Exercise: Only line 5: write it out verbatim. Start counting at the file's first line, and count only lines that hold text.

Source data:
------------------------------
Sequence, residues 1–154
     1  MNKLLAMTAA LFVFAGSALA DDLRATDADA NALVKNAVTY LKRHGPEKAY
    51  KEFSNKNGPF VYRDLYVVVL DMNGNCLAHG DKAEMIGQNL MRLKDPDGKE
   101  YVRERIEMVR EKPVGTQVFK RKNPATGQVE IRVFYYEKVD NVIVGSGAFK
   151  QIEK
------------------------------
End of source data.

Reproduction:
   151  QIEK